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One Drug, Other Uses

UVA researchers think outside the label for treatments

What if, like a multitool, a drug could be used to treat multiple conditions?
Timothy Cook

Developing new drugs can be lengthy and costly; according to the National Institutes of Health, the process from “promising molecule” to “approved drug” can take well over a decade and considerable expense—with many failing along the way. But increasingly sophisticated research tools, including large-scale data analysis, are making it easier to discover how existing drugs might be repurposed for other conditions, and UVA researchers across a range of disciplines are finding promise in the potential to apply approved drugs to new therapeutic purposes.

In cancer treatment and care, researchers in the School of Medicine published a paper last summer in the journal Cancer Research that demonstrated the potential of palbociclib, a drug used for some forms of advanced breast cancer, to treat bone marrow scarring that is characteristic of a rare form of leukemia known as myelofibrosis. And in the journal Cancer Medicine, a team from the Department of Public Health Sciences, along with colleagues from Brazil, outlined an analysis of medical records that found evidence that common blood pressure drugs appeared to improve survival in colorectal cancer patients over age 65.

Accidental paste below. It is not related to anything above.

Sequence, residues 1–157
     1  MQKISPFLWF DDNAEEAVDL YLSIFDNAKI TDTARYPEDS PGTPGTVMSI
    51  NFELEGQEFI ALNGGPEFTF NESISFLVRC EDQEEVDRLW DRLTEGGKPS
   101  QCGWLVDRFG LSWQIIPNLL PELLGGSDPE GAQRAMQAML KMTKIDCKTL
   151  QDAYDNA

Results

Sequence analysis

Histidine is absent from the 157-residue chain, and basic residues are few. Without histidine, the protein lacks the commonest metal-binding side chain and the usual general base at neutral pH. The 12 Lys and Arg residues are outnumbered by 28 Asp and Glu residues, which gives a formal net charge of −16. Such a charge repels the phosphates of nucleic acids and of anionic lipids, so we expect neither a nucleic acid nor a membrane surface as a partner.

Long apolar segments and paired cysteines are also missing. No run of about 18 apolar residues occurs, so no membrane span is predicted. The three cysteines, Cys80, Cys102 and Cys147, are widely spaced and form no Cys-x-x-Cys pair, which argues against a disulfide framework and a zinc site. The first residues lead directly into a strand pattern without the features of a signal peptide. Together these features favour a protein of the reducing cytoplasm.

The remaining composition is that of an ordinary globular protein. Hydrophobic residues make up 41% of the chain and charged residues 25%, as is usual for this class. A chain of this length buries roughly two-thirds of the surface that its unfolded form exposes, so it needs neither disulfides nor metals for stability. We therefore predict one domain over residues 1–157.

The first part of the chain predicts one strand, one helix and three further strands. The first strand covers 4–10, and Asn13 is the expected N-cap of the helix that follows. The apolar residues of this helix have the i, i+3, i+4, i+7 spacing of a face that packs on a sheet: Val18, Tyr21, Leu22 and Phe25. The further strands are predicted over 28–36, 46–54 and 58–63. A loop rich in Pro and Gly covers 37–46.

Researchers have also found evidence that HIV drugs may be effective with other conditions. A large team of researchers at UVA and other institutions analyzed medical records and found evidence that the risk of developing diabetes—a health condition on the rise globally—appeared to be lower in patients taking certain drugs to treat HIV and hepatitis B. And HIV drugs known as nucleoside reverse transcriptase inhibitors are also seen as a potential treatment for one form of age-related macular degeneration, a progressive condition that can lead to severe vision loss. Previous research had shown an association between the drug and reduced risk of the condition. Experts including UVA professor of ophthalmology Jayakrishna Ambati have discovered how inflammation builds up in the eye and damages retinal cells in the disease, and their work in animal models suggests the HIV drugs could protect against that inflammation.

“Runaway” inflammation also characterizes the potentially deadly condition of sepsis—and the most serious cases of COVID-19. But researchers in the lab of associate professor Alban Gaultier in the Department of Neuroscience found evidence that the antidepressant drug fluvoxamine could be effective in stopping sepsis. Building on that work, a clinical trial led by a team at Washington University School of Medicine in St. Louis has found that fluvoxamine significantly reduced the risk of hospitalization or death in COVID-19 patients.